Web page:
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Familial Hypercholesterolemia By: Kasarah Allen City College of New York Frederick Douglass Academy.

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Presentation on theme: "Familial Hypercholesterolemia By: Kasarah Allen City College of New York Frederick Douglass Academy."— Presentation transcript:

1 Familial Hypercholesterolemia By: Kasarah Allen City College of New York Frederick Douglass Academy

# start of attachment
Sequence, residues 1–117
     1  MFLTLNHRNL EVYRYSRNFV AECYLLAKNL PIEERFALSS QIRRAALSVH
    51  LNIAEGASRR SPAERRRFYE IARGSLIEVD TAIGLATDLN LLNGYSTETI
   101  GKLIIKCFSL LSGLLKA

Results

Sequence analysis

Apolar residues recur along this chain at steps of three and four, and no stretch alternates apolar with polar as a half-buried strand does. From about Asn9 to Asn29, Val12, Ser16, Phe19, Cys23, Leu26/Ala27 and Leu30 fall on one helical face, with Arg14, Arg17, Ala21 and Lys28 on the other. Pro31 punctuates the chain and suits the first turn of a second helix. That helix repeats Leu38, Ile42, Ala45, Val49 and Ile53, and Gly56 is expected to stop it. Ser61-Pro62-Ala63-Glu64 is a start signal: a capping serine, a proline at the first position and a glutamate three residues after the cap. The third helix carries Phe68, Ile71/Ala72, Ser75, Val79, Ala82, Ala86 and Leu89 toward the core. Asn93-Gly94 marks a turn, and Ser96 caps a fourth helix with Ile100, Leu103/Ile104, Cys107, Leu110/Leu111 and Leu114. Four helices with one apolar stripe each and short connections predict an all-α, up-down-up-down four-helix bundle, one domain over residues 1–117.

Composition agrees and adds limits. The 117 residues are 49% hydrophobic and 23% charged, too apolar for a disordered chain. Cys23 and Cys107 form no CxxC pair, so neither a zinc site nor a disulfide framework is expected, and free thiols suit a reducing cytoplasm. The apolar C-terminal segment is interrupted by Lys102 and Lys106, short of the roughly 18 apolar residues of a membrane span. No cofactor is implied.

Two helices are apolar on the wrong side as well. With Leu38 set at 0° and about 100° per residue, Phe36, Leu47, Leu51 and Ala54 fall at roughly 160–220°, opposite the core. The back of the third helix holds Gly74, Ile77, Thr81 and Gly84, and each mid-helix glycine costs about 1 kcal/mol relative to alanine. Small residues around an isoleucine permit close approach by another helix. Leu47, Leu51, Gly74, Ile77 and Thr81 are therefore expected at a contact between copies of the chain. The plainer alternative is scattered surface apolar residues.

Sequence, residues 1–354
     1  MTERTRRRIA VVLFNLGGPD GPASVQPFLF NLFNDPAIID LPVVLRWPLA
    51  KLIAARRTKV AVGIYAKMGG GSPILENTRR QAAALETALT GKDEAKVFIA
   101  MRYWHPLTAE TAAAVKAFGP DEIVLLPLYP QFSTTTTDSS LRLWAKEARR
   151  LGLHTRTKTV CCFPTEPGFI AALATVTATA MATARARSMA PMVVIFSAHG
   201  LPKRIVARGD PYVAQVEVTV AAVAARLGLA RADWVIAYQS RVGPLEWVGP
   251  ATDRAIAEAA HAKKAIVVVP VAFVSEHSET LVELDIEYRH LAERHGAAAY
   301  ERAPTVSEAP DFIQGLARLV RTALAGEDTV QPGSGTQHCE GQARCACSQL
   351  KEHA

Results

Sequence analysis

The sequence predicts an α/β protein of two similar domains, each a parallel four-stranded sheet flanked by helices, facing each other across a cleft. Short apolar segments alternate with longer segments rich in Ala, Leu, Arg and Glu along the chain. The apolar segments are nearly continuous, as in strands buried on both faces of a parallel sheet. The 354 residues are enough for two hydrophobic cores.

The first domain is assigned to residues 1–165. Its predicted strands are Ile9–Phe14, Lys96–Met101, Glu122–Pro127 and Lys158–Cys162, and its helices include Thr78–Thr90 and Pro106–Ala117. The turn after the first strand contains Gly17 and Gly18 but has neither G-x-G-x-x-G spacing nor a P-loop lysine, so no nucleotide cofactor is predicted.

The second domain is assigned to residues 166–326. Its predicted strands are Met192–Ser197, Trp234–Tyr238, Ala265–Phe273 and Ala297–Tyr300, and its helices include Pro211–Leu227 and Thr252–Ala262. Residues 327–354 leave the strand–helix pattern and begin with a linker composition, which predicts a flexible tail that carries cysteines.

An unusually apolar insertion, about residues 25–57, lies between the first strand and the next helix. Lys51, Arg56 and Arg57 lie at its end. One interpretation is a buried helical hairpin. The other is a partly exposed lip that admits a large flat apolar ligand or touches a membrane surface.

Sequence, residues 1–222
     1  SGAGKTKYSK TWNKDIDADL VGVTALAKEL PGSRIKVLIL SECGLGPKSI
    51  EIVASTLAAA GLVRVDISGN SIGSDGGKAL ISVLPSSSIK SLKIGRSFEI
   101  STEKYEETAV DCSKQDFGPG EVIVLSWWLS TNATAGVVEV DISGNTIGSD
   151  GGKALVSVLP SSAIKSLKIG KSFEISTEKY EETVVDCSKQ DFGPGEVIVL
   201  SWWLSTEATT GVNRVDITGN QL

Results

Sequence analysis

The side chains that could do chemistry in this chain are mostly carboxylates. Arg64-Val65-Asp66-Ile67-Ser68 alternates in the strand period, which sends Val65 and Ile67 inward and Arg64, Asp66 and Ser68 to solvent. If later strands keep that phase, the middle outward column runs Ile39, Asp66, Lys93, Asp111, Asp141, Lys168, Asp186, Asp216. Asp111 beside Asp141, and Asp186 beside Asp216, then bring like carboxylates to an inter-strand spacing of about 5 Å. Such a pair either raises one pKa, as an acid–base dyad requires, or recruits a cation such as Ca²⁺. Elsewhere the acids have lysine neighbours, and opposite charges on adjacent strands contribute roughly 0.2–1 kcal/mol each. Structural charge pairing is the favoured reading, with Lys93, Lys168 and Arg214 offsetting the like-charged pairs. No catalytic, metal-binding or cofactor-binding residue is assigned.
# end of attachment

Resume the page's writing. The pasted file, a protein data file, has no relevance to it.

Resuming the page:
2 Abstract Patients suffering from familial hypercholesterolemia have a much more serious condition than those people who have high levels of cholesterol. These FH patients have a much higher chance of suffering from heart attacks and stroke. Hypercholesterolemia describes the people with high levels of cholesterol. In other words, the people who have too much cholesterol circulating in their bloodstream. It is known to be caused by the consumption of a high-cholesterol diet and/or the genetic disease familial hypercholesterolemia (FH). Human body usually produces about two- thirds of its needed cholesterol in the liver, thus very little supplement of cholesterol is required. The homozygous FH is more rare, occuring with the frequency of about 1 in a million. The statistics for the homozygous FH is not surprising though, since patients suffering from two alleles of this gene usually do not survive pass their teens. The condition of hypercholesterolemia in FH patients are detectable at birth or shortly thereafter. The cholesterol levels in heterozygous patients are between350 to 500 mg/dL, and in homozygous, the levels are between 700 to 1,200 mg/dL. Hypercholesterolemia is a silent disease. No symptoms will occur until the resulting chest pain of a heart attack or the symptoms of a stoke. Tendon xanthomas commonly occur in FH patients. The heterozygous will develop these later in life, but the homozygous usually develops them in their childhood. Xanthomas are lesions caused by cholesterol deposits in various parts of the body. The common places are in the extensor tendons of the hands and eyelids (know as xanthelasmas).